Relative sea level changes and glacio-isostatic modelling in the Beagle Channel, Tierra del Fuego, Chile: Glacial and tectonic implications

Svante Björck, Kurt Lambeck, Per Möller, Nicolas Waldmann, Ole Bennike, Hui Jiang, Dongling Li, Per Sandgren, Anne Birgitte Nielsen, Charles T. Porter

Research output: Contribution to journalArticlepeer-review

Abstract

The Beagle Channel crosses the southernmost tip of South America (Tierra del Fuego), connecting the South Atlantic with the Southeastern Pacific. Raised beaches occur up to 10 m above mean sea level (m a.m.s.l.), especially along the northern (Argentinian) shore, and have been dated using marine shells. The southern (Chilean) shore is well-known for its abundance of shell middens at different levels above the present shore, particularly along the island of Isla Navarino, but the relative sea level history in this glacially impacted landscape has not previously been investigated. In this study we present postglacial relative sea level changes on Isla Navarino, based on sediment cores from six lagoons, bogs or lakes, and stratigraphic investigations of three open sections, of which one is of MIS 5e age. In addition, one core from a lagoon in the south-western Beagle Channel has been analysed and a system of terraces was mapped in the north-western Beagle Channel. The analyses of the core sites have resulted in two tentative relative sea level curves, displaying a rapid sea level rise at 8500−6500 cal yr BP, amounting to ∼10 and 14 m in eastern and western Isla Navarino, respectively, and reaching levels of ∼8 and > 10 m, respectively, followed by a slow relative sea level fall. Our sea level observations have been compared with a range of modelling results of glacial-isostatic adjustments (GIA) for estimating timing of deglaciation and ice sheet thicknesses. Based mainly on the GIA modelling of the altitude of the MIS 5e beach sediments, situated at 13 m, we can conclude that no other uplift than GIA is needed to explain their altitude. Regarding the modelling of postglacial sea levels we can conclude that no model has been found that satisfies all of the observational evidence, but that deglaciation most likely preceded Northern Hemisphere main deglaciation by at least 3 kyr, which agrees with the deglaciation age of Isla Navarino (>16 000 cal yr BP). In addition, our model runs imply that the Patagonian and Tierra del Fuego ice sheet thicknesses were in the order of ∼1500 m.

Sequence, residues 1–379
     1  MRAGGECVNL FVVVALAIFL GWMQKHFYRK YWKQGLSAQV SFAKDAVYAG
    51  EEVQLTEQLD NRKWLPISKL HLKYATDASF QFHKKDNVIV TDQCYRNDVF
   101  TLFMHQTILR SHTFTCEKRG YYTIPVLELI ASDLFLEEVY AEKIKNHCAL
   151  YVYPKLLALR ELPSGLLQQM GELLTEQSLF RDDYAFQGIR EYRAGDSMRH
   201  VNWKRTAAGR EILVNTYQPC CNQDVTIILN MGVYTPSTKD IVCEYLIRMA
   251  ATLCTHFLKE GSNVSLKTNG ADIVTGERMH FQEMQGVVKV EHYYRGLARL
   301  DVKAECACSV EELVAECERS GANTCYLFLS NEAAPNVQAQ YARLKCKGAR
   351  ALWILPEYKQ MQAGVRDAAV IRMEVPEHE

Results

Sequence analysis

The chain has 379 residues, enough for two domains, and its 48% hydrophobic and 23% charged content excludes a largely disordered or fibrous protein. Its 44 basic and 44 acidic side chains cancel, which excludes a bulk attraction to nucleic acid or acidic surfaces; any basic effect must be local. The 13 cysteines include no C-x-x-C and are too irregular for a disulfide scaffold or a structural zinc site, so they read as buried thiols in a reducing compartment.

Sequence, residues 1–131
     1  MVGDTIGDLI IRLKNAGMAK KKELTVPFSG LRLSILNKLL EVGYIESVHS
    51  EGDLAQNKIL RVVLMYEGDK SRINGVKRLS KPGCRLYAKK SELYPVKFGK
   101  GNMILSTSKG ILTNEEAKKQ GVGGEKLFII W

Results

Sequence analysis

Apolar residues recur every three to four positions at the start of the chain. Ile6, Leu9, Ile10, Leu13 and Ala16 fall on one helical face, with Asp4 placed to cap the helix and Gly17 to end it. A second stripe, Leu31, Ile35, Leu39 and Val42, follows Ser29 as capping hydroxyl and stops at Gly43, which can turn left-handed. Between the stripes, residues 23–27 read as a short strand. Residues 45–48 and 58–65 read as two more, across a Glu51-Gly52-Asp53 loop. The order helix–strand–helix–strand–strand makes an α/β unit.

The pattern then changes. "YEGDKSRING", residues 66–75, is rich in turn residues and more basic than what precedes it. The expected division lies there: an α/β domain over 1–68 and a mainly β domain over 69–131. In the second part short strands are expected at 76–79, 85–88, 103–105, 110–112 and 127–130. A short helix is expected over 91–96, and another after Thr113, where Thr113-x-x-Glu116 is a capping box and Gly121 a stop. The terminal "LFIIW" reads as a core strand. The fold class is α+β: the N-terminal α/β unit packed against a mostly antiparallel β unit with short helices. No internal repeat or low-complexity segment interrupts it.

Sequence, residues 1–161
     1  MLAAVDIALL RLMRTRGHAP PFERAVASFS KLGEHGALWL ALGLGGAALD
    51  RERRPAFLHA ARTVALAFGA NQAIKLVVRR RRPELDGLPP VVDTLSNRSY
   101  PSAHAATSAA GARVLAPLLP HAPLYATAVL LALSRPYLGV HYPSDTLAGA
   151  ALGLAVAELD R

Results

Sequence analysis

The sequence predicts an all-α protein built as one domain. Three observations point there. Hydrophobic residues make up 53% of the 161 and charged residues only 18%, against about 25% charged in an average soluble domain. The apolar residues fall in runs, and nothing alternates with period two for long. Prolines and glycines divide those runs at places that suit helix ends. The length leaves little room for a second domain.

Original languageEnglish
Article number106657
JournalQuaternary Science Reviews
Volume251
DOIs
StatePublished - 1 Jan 2021

Bibliographical note

Funding Information:
This paper is dedicated to the late Charlie Porter, mountaineer, sailor and Earth Science enthusiast, with his catching allure for and knowledge about Tierra del Fuego with its numerous islands, fjords and glaciers. We thank the 2011 crew on Ocean Tramp (Jacky, Christine, Alex and Eric) for their help, we thank Patty and her fabulous Putsaki B&B in Puerto Williams for providing us with beds and great meals in 2014, and we thank Flavia Morello and Manuel San Roman for their hospitality in 2019 in Punta Arenas and the spectacular trip with Manuel’s vessel Chonos through Tierra del Fuego, ending up with theodolite measurements of our Navarino sites. NW thanks the Erasmus Mundus Action II of the EU for scientific cooperation. KL thanks Dr Anthony Purcell with assistance with some of the GIA modelling. We are very grateful to Paula Reimer for helping us to calculate the local marine reservoir age. The study was financed by the Faculty of Science, Lund University and the Royal Physiographic Society in Lund .

Publisher Copyright:
© 2020 Elsevier Ltd

Keywords

  • Age of deglaciation
  • Beagle Channel
  • Coastal sections
  • Glacio-isostatic modelling
  • Holocene
  • Ice-sheet thickness
  • Lacustrine
  • MIS 5e
  • Marine and lagoon sediments
  • Peat
  • Relative sea level changes
  • Vertical tectonics

ASJC Scopus subject areas

  • Global and Planetary Change
  • Ecology, Evolution, Behavior and Systematics
  • Archaeology
  • Archaeology
  • Geology

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